“Even though we're dealing with a lot of dualities like our individual selves versus the collective — like nature versus the built environment, like being awake versus dreaming — I think that what resolves these contradictions is a sense of spirituality that embraces these contradictions," Cypress explains. "And the kind of spirituality that I'm talking about is our journey as people, the beautiful trauma and the beautiful opportunity that birth represents. The beautiful trauma and the beautiful opportunity that coming out as an LGBTQ or nonbinary person represents and how we can choose our families to find that sense of nurture that we need when we're growing up. There is a journey that we all find in common as people that kind of resolves these contradictions.”
Thirty-three seconds in, Franco recounts the history of the Maroon people through spoken word as dancer Arielle Francois appears onscreen. With Francois’ eyes closed, she lifts her hands, palms open in reception with just a single leaf held gently between her right forefinger and thumb. As narrator Betty Osceola describes the relationship between nature and the body, declaring that the Earth has a heartbeat, Francois passes the leaf to her left hand. She leans back as her bulbous gown glitters like azurite over the river of grass behind her. For a minute and eight seconds, she levitates over the water.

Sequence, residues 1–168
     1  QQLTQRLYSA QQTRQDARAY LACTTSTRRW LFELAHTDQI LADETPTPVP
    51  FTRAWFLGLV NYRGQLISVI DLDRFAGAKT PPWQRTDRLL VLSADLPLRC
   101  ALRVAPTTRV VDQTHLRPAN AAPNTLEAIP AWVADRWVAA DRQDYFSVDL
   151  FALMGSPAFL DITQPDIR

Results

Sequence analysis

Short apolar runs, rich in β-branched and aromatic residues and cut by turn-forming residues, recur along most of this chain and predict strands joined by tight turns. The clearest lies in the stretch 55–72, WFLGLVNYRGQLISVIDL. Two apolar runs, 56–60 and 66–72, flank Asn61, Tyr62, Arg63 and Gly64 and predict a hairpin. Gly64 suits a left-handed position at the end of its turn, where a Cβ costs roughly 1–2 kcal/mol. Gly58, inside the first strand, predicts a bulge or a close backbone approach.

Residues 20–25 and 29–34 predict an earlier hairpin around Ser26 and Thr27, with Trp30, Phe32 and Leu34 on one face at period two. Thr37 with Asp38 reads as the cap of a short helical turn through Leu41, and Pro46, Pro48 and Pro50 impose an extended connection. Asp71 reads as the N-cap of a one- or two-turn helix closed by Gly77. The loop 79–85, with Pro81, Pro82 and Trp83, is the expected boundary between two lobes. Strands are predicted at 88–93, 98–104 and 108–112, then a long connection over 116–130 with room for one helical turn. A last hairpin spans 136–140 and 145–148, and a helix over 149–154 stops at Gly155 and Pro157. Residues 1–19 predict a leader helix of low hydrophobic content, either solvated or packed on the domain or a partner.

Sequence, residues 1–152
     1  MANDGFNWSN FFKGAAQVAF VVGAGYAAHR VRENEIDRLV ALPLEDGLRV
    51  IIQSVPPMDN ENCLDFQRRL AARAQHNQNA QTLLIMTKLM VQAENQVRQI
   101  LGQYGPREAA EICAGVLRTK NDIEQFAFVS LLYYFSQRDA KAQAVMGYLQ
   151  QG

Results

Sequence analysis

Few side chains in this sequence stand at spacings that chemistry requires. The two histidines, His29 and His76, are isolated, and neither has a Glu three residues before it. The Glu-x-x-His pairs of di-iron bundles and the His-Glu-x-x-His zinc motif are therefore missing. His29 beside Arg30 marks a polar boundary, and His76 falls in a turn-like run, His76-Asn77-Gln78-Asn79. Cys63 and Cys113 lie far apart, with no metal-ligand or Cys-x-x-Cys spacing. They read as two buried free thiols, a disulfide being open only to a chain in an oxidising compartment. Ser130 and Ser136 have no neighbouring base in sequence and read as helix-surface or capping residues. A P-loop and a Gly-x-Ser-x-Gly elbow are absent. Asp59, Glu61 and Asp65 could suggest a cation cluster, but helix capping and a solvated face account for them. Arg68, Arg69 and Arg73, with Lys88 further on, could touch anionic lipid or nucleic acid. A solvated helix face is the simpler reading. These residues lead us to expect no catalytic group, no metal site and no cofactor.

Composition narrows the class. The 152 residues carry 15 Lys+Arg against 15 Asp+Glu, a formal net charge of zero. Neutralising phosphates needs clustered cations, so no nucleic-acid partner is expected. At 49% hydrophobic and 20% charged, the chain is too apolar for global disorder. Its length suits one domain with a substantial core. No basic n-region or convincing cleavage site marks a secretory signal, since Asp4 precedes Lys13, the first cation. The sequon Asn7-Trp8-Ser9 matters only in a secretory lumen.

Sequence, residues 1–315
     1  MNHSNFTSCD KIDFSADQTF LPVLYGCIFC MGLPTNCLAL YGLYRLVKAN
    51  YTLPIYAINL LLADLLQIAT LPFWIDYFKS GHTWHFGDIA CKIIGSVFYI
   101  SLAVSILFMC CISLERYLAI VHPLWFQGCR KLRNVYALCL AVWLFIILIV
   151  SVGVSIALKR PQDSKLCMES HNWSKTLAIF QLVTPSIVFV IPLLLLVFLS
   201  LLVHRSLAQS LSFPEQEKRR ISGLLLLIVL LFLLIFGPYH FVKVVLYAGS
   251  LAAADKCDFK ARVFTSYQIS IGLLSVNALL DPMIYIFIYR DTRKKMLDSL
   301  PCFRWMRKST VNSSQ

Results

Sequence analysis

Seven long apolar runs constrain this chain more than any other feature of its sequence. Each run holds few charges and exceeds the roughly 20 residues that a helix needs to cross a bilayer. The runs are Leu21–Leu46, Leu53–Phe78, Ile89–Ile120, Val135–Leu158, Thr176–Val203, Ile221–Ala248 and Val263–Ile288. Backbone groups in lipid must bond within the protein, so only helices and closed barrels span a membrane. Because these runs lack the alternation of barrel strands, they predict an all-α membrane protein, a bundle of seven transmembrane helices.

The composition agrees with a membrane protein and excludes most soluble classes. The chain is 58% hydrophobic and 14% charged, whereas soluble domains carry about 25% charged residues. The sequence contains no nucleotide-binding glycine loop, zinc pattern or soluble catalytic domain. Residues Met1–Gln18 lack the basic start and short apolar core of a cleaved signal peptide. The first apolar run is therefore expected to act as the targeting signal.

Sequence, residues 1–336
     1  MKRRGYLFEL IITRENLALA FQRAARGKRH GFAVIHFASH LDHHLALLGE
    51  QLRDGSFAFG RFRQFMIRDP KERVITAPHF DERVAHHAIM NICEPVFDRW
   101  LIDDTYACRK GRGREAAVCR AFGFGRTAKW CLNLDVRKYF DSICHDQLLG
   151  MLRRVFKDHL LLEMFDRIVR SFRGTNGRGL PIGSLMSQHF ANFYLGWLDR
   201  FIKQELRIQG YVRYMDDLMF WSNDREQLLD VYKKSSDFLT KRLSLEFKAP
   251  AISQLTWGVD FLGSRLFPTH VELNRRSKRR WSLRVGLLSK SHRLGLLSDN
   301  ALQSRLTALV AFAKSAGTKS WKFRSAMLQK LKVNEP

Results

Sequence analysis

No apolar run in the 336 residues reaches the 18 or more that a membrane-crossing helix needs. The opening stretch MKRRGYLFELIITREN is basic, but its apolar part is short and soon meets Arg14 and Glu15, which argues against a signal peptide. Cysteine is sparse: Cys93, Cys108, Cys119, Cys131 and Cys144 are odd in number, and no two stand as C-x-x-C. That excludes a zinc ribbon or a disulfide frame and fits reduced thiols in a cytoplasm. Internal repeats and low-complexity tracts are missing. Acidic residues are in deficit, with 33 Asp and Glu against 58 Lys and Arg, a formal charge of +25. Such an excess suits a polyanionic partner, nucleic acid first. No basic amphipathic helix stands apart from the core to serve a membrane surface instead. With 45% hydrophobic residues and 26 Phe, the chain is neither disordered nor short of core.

Francois filmed that scene on the edge of an airboat with the camera above her. Franco recalls screaming and clapping in awe of Francois’ performance in the moment. The elder airboat driver joked he had never seen a happier group on an airboat.
“That’s just queer joy,” Franco explains. “Everyone felt it.”